Peripheral Lighting Interaction
These designs are developed by MSc students in the 'designing for focused and peripheral interaction' course at the Eindhoven University of Technology, which I am teaching together with guest lecturer Karin Niemantsverdriet.
How can we redesign interaction with connected lighting systems, currently often operated through smartphone applications, such that these interactions become a more fluent part of our everyday routines? How can we design for human-computer interaction to shift between the center and periphery of human attention? These questions inspired the design and exploration of a number of tangible user interfaces for interactive lighting systems.
sLight (designed by Eef Lubbers, Jesse Meijers and Tom van 't Westeinde, November 2014) is a tangible light-interface for quickly accessing smart lighting settings in a living room environment. Every corner of the surface represents one of the settings. All but one can be altered to the preferences of the user. The highest corner is always programmed to have bright white light to easily create a clearer light atmosphere. Each of the sticks represent a lamp in the room. The sticks allow for different ways of interaction: changing all the lights at once by grabbing all the sticks, changing a group by only taking a specific colour of sticks or changing one light by grabbing a specific lamp.
Swivel (designed by Carlijn Valk, Debayan Chakraborty and Wendy Dassen, January 2016) is a wall-mounted controller for the Philips Hue Lighting System. The controller includes five pointers, each representing an individual light or lamp group predefined by the user. The rotational direction of the pointers informs the user about the current light settings in terms of brightness. Brightness is mapped in an increasing clockwise direction starting from zero percent brightness position, straight down. When the user wants to adjust individual lights or lamp groups they can physically rotate the correlated pointer. In addition, the user can use the preset dial (front-most pointer) to activate one of the four available presets, personally predefined by the user.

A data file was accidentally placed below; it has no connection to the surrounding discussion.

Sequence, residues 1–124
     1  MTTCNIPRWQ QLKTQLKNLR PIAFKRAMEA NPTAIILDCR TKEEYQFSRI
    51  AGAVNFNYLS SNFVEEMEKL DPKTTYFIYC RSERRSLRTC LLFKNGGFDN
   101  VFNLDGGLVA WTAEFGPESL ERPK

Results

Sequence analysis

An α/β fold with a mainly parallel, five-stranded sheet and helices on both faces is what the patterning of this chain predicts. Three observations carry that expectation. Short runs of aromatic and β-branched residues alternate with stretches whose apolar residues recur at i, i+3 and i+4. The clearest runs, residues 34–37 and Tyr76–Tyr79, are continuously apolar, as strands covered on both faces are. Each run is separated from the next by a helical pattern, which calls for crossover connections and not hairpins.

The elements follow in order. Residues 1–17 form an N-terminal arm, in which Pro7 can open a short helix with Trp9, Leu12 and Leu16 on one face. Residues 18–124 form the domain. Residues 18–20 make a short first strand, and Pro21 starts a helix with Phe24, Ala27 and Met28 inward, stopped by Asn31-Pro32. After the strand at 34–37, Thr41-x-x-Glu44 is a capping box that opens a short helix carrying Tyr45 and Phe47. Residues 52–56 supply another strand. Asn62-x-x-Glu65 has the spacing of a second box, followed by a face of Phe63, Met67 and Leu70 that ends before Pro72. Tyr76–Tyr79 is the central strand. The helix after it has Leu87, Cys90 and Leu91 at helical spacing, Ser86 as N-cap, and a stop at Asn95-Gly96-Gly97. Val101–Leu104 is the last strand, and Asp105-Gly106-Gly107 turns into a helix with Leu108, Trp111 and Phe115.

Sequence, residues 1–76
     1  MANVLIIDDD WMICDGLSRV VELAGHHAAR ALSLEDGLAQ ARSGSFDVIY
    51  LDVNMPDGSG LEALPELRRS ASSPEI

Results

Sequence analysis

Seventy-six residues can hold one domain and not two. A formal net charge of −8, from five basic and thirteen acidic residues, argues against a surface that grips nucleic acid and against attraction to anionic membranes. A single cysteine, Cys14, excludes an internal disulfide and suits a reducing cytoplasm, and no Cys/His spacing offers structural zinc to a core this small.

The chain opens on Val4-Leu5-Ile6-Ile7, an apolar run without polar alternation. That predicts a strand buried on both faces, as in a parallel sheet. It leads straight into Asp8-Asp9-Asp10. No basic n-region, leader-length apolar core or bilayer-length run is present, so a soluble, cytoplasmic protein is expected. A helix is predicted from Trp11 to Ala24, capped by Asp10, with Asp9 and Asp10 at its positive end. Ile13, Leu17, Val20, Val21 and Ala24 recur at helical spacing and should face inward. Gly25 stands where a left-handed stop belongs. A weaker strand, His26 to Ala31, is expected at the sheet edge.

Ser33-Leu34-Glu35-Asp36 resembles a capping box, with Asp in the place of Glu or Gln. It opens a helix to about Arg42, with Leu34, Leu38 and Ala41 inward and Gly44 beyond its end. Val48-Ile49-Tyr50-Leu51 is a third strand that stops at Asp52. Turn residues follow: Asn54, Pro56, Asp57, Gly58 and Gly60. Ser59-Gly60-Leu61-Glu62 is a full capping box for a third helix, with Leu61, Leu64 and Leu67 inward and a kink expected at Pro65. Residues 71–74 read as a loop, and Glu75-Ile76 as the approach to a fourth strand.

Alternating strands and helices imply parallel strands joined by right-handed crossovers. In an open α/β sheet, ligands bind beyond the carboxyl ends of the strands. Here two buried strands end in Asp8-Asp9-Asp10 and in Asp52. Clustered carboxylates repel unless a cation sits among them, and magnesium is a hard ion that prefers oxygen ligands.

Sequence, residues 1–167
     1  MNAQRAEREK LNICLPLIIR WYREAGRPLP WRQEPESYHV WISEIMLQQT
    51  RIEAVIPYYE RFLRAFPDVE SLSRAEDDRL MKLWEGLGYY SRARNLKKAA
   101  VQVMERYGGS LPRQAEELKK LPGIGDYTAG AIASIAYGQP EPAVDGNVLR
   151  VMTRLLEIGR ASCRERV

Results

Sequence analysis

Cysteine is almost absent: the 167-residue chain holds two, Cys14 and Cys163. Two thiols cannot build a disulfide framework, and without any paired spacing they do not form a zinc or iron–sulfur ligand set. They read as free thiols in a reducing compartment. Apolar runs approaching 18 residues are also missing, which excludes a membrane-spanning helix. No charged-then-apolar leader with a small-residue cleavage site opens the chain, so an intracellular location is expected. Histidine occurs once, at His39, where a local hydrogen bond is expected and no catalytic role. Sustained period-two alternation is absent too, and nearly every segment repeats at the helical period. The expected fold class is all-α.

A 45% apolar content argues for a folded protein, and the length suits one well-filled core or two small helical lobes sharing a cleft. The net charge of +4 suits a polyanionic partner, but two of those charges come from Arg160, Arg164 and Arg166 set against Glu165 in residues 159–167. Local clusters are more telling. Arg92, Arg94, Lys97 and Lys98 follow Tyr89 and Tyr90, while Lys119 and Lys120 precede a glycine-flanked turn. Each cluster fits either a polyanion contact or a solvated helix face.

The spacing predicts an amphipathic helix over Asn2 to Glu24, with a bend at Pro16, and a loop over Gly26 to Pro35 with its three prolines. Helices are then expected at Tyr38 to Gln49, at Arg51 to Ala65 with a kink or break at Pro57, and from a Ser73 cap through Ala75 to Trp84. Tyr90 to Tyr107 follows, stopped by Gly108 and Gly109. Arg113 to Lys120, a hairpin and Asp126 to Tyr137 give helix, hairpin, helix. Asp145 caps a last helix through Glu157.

With Squiddle (designed by Akhil Mahendru, Koen Scheltenaar and Matthijs Willems, November 2014) one can control the lighting ambience in their home environment in an effortless subconscious way. Squiddle is designed to be operable in both the periphery as the center of attention. Squiddle allows people to fiddle (common habit) around with the 'fiddleable' controller attached to the couch. Squiddle senses the amount of pressure that is applied and translates this back to the influence one has on the lighting situation. Gently squeezing (fiddling) will result in minor changes, while actively squeezing will give one more control. Pulling will change the brightness, while rotating will change the colour-temperature.
Coaster (designed by Yudian Jin, Marjolein Schets and Nanna Kristiansen, January 2016) is a interactive coaster that enables easily changing the light settings in a one-bedroom apartment environment. Flipping the coaster and putting a cup on it turns on the lights in the closest vicinity of the coaster. Rotating the coaster helps adjust the brightness, and rotating while pressing helps adjust the color of the lights. While adjusting either brightness or color, the coaster lights up in the selected setting, giving direct feedback to the user. Coaster can be picked up by the user when moving around the room; the setting from the previous light will follow the user to the next light. Flipping the coaster over will turn off all lights connected to the controller.
Bakker, S. and Niemantsverdriet, K. (2016). The Interaction-Attention Continuum: Considering Various Levels of Human Attention in Interaction Design. International Journal of Design 10(2), pp. 1-14. Access online